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How to Choose the Best Whole House Fan for Your Home

Updated: Feb. 01, 2023

A time-tested cooling solution that uses 90% less energy than your air conditioner

FH07JAU_HOUFAN_03-2Family Handyman

Whole house fans will keep you and your home cool at a fraction of the cost of air conditioning. We walk you through the pros and cons and help you choose the best option for your home.

Photo courtesy of Tamarack Technologies Inc.

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The benefits of a whole-house fan

Whole-house fans have helped cool homes for a century. The basic design is simple: An attic-mounted fan pushes hot air out through attic vents and draws cooler, outside air in through open doors and windows. This rapid air exchange—large fans can purge a house of hot air in two to three minutes—not only removes built-up heat but also creates a pleasant breeze.

Fans had been supplanted by air conditioners for the past several decades but are now resurging in popularity. Why? First, they sip electricity while air conditioners guzzle power. Second, the latest generation of fans sport self-sealing insulated shutters that close when the fan’s not operating. (Unless you jury-rig your own cold-weather cap, older units behave just like an open window in the winter.) This auto-insulating feature prevents vast amounts of heat from escaping through the fan when it’s not in use.

How Fans Save on Cooling Expenses

Depending on the severity of your summers, a fan can work as an efficient pre-chiller before you switch on your AC, or even as your sole source of cooling. Using only a tenth as much power as your AC, a fan bringing in cooler night and/or morning air can lower inside temperatures by 5 degrees (or more) in just a few minutes. Homeowners living in dry climates with wide day/night temperature swings may be able to do without their AC system by simply switching the fan on during cool hours and then turning off the fan and shutting the house during the hottest times of the day.

Granted, whole-house fans aren’t perfect. They can’t cool inside temps lower than outside temps, nor can they dehumidify. If you live in a humid region, you’ll still need to lean on your AC in the dog days of summer. And while most folks may prefer fresh outside air, if you suffer from allergies, realize that fans draw in outdoor pollen and dust.


When you use a whole-house fan, it’s important to open doors and windows. Otherwise the fan may cause gas-burning appliances, such as your furnace or water heater, to backdraft exhaust fumes and carbon monoxide into your home. Whole house fans are not allowed in all areas. You should check your local building codes before buying one.

How to choose a system

A local HVAC installer can help you find the fan that best fits your home and climate. Bear in mind that size isn’t everything. Larger fans are great for moving air quickly, but when you weigh the increased size against installation requirements, insulation, appearance, noise and cost, you may opt for a smaller fan. (Depending on your needs and floor plan, several smaller fans may provide better airflow.)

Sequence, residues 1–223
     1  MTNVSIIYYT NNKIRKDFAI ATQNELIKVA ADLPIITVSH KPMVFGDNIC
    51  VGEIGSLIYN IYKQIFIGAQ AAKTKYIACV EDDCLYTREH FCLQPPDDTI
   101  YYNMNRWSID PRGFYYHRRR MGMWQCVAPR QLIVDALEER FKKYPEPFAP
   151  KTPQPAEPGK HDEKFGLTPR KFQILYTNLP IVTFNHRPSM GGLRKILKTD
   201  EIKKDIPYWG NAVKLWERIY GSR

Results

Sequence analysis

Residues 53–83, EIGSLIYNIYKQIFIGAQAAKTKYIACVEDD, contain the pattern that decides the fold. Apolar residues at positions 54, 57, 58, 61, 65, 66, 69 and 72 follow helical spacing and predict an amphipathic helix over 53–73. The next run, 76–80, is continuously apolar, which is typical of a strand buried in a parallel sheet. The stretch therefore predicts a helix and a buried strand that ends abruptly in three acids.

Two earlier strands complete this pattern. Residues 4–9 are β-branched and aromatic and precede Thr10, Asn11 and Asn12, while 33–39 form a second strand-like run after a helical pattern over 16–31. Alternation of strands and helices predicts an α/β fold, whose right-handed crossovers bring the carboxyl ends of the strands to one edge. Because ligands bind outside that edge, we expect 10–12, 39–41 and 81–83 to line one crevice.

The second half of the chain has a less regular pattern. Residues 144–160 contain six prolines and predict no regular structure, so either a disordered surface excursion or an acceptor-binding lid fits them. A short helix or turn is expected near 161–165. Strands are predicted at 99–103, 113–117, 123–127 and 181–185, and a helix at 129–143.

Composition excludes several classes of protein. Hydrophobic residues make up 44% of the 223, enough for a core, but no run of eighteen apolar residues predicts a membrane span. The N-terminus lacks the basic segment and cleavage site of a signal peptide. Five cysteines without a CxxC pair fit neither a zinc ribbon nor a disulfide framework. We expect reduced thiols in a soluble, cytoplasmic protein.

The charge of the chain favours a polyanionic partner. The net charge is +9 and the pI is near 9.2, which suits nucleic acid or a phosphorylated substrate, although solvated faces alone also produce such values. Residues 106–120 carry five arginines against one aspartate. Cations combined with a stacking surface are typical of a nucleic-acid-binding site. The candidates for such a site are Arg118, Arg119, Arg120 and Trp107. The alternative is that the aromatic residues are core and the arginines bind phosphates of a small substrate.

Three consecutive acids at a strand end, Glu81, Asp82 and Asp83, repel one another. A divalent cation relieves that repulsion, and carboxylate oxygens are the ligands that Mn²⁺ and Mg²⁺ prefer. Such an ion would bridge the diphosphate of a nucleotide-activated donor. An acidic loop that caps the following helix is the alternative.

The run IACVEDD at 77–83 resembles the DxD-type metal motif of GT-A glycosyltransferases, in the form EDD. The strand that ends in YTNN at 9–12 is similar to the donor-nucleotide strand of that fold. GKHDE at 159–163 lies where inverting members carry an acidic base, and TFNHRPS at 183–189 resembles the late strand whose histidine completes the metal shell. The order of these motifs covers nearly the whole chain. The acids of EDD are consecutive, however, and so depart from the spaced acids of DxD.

Attic ventilation is almost as important as the fan. A fan won’t work if the hot air doesn’t have an easy way out; without adequate ventilation the fan may force hot air down on you! Fans require 1 sq. ft. of net free vent area per 750 cfm. If you don’t want to install additional venting, it may make sense to stick with a smaller fan.

These days, there are several different types of fans to choose from (see photos). In addition to the large traditional models, manufacturers have come up with types that are easier to install and better insulated. Go online to explore the options we show and others.

Before you buy, contact your utility company to see if you’re eligible for an energy rebate. You may also be able to reclaim a portion of the cost as an energy tax credit on your income taxes.

Three Types of Whole-House Fans

Standard fan
4,500 to 6,900 cfm
($200 to $450)
Because they’re the most affordable and widely available, large-diameter fans are still a good solution for homeowners living in warmer regions. These fans cost less up front, but installation may be more difficult. Moving a joist in order to frame out a box for the fan, or installing additional attic venting might wind up costing more than the fan itself. Another disadvantage is that during the winter, the vented opening works like an open window, giving warm moist air an easy path out and into your attic. To prevent heat loss, you’ll need to build an insulated box to cover your fan during the off-season.

Insulated-door fan
1,000 to 1,700 cfm
($525 to $769)
If you live in an area with frequent cold snaps, you’ll want a fan that holds in the heat when it’s not in use. Door fans come with insulated (R-22 or R-38) panels that open every time you turn the fans on. This feature not only helps during winter months but also keeps heat out during the summer when you’re running your AC. These models don’t move as much air as standard fans, but they tend to run quieter, so they can be run all night. Like standard fans, these units are usually installed in a hallway, but some smaller models are specially designed to fit in between or around existing trusses or joists to make installation easier.

Inline fan
1,500 cfm (about $235)
Fan/insulated duct units don’t move as much air as standard fans, but by investing in one fan per bedroom, you can provide a breeze effect in the room(s) you most want to cool. The small intake port is not only less obtrusive than the large louvered panels needed with other fans but also easier to install. (A flexible duct connects the intake port to the fan.) Like insulated door fans, inline fans have damper doors within them that prevent warm air from leaking out in winter.